For our yearly thematic group exhibition we present “Nature Morte”, a 60-artist still life show with an environmental edge. Using the entire exhibition space and both showroom and office, this mega-show includes a total transformation of the gallery space into a dark concrete and forest environment.
Mainly comprising still life works, the exhibition chooses the French appellation for the pictorial genre to foreground literal “dead nature”, tracing themes of the global environmental crisis with subject matter ranging from turgid bouquets (Ivan Seal) and Holbein-inspired skulls (Robert Lazzarini) to a roasted duck on a hook (Stephanie H. Shih) and a melting garbage snowman (Theo A. Rosenblum and Chelsea Seltzer).
Including painting, sculpture, works on paper and photography, Nature Morte features 60 artists from renowned to unknown whose works challenge the traditional elements of still life, leading viewers into the uncharted territory of our dark concrete forest. In 2021 the still life genre is impacted by not just the transience of life but by the impending global catastrophe that promises the end of all life.
Responding to the climate crisis in disparate ways, the artists in Nature Morte depict disease, death and dark nature—the animals are taxidermied and the fruits inedible. From a delicate dead sparrow by Allison Schulnik to a gigantic bronze CGI lion by Austin Lee; a forest fire by Aaron Elvis Jupin to a highway overpass by Adam de Boer; even the lively-looking works have a whiff of death to them, like Rosson Crow’s vibrant jungle laced with tar pits.
When pondering death in the 17th century, audiences looked at skulls, blown out candles, dead animals, flowers and fruits—and bubbles for some reason. Today we gaze upon much of the same, plus melting mini-fridges, sliced up butterflies, flooding, cigarette butts and mylar balloons. Collectively, the works in Nature Morte contemplate death at a time when humanity’s doom is realistically into view; life is fleeting as you see a blown out candle or life is fleeting as you see melting ice sheet chunks the size of Manhattan. All these artists have one eye on the death of the natural world—the extinction of the human race, even—whether painting a shoe or a skull.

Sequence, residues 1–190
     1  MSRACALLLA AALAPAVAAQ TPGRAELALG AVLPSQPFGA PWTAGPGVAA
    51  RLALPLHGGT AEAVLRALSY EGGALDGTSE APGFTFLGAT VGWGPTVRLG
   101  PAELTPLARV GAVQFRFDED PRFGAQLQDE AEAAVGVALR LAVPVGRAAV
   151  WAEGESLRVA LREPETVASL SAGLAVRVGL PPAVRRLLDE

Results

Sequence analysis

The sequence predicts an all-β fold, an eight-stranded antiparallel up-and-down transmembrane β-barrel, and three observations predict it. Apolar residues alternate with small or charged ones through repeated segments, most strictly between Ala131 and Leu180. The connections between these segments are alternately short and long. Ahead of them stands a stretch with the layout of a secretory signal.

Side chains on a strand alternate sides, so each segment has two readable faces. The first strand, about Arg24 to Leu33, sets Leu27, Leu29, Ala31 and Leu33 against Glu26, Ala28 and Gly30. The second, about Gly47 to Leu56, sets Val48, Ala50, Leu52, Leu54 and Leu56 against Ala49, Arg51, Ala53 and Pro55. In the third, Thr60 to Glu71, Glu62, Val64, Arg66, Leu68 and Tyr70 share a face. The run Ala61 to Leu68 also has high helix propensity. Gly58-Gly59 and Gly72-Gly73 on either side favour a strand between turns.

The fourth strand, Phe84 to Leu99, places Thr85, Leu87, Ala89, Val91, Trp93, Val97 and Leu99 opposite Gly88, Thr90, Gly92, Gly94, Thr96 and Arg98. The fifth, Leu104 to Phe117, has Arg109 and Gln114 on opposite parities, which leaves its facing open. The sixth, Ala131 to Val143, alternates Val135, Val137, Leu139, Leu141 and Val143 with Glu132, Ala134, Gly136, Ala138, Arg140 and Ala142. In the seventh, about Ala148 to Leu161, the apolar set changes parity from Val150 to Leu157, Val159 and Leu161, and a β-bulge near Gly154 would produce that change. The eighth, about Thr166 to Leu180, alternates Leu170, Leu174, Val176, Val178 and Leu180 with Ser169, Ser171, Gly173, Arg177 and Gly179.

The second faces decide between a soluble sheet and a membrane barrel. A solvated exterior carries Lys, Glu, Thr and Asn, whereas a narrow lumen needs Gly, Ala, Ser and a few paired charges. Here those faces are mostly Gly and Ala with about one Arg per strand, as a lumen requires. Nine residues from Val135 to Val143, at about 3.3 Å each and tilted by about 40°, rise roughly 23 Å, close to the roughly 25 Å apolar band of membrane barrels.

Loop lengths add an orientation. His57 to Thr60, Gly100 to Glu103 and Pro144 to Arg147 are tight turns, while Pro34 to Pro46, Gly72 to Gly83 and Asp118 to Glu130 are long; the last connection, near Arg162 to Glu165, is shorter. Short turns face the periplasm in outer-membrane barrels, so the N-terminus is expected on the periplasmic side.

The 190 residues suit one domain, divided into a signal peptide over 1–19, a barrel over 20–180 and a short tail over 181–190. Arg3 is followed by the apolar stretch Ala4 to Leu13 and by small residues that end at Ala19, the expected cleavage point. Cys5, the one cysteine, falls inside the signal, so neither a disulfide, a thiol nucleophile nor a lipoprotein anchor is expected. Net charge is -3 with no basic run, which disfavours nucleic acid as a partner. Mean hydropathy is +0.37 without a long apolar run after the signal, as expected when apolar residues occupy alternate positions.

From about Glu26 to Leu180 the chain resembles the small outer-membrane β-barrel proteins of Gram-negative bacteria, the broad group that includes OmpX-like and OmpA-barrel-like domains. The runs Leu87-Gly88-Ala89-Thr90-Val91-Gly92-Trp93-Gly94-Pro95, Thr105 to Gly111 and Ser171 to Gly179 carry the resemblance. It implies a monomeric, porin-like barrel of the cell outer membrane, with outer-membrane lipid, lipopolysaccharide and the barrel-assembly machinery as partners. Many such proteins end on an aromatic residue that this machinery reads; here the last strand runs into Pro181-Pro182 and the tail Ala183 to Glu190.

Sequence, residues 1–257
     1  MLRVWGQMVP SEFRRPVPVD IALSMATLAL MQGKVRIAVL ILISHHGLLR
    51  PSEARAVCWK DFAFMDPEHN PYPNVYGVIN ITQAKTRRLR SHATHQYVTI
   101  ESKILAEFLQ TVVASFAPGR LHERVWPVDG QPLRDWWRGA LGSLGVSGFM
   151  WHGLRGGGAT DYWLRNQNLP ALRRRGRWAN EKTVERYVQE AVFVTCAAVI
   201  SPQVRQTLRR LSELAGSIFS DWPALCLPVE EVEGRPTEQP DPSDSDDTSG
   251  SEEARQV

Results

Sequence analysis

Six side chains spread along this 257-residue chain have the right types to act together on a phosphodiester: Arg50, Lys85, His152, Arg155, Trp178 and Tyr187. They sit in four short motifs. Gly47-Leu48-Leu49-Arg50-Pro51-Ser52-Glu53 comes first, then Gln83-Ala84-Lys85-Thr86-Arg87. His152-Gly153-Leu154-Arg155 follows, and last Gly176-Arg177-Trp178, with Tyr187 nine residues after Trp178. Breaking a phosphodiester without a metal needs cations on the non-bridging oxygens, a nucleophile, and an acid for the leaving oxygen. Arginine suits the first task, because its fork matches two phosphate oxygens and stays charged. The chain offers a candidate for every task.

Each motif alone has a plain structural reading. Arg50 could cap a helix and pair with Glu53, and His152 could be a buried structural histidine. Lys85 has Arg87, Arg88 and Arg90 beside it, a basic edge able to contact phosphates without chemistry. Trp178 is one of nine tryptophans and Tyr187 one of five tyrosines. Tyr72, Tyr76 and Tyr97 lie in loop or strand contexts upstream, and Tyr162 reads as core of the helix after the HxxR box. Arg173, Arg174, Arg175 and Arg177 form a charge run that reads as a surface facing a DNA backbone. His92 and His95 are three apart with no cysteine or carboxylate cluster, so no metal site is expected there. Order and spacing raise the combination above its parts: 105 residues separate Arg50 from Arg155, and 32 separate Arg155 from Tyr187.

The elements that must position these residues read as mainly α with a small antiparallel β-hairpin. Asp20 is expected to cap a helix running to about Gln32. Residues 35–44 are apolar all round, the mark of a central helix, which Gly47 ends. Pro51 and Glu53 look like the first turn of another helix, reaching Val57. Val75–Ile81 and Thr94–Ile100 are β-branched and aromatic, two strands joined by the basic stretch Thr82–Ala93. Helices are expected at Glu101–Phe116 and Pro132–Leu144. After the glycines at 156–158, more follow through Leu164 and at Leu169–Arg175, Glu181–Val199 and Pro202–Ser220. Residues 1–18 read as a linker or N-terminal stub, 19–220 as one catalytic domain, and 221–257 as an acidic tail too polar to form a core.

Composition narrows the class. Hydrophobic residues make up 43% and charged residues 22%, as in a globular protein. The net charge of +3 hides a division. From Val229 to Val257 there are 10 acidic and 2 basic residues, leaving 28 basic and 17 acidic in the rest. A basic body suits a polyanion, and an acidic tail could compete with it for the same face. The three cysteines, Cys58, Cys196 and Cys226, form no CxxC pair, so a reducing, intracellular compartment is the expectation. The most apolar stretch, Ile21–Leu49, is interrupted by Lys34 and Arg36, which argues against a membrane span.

An opening event will be held on Thursday, April 8th from 6 to 8pm following all appropriate COVID-19 precautions.
The exhibition will be accompanied by a catalogue.
Email firstname.lastname@example.org for more information.
Image above: Matthew Hansel “Those Who Never Set Their Table Never Dine Alone”, 2021, 60 x 48 inches oil on canvas
Featuring: Aaron Elvis Jupin, Adam de Boer, Adam Parker Smith, Aleksandra Waliszewska, Allison Schulnik, Amanda C. Baldwin, Aurel Schmidt, Austin Lee, Barry McGee, Botond Keresztesi, Bryant Girsch, Charline Tyberghein, Chason Matthams, Chris Johanson, Christian Rex Van Minnen, Dan Attoe, Daniel Gordon, David Benjamin Sherry, Donald Baechler, Emily Mae Smith, Eric Yahnker, Fernando Botero, Gao Hang, Ginny Casey, Guy Yanai, Henry Gunderson, Henry Hudson, Holly Coulis, Ivan Seal, James Ulmer, Jon Young, Jonathan Chapline, Josh Smith, Kevin Christy, Laurens Legiers, Lucia Love, Lydia Blakeley, Mark Posey, Matthew F. Fisher, Matthew Hansel, Molly Greene, Nick Dahlen, Nicolas Party, Oliver Clegg, Paul Wackers, Pedro Pedro, Robert Lazzarini, Rosson Crow, Roxanne Jackson with Jefferson Nelson, Royal Jarmon, Ryan Travis Christian, Samantha Rosenwald, Sean Landers, Stephanie H. Shih, Stevie Dix, Taylor McKimens, Theo A. Rosenblum and Chelsea Seltzer, Thomas Lerooy, Tomokazu Matsuyama, Ulala Imai, Valerie Hegarty